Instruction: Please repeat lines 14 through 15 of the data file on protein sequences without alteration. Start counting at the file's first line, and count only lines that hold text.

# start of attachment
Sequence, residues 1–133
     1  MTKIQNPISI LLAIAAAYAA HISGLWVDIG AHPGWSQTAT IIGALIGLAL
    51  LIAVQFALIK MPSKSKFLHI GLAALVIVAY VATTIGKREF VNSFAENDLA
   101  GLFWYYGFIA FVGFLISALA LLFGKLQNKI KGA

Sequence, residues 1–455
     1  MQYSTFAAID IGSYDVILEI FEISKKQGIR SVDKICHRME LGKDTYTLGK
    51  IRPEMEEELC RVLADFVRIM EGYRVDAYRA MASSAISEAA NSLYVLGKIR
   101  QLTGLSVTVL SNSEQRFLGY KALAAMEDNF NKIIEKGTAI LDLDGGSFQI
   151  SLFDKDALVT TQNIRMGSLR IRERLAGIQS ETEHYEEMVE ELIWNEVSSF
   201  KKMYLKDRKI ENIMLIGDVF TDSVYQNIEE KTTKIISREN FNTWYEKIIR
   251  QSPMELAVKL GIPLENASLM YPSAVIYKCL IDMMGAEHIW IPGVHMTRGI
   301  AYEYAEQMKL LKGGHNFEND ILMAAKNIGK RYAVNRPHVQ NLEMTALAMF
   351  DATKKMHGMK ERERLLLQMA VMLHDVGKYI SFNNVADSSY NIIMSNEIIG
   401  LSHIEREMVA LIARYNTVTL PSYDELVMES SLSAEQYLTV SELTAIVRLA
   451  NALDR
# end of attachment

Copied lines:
   401  LSHIEREMVA LIARYNTVTL PSYDELVMES SLSAEQYLTV SELTAIVRLA
   451  NALDR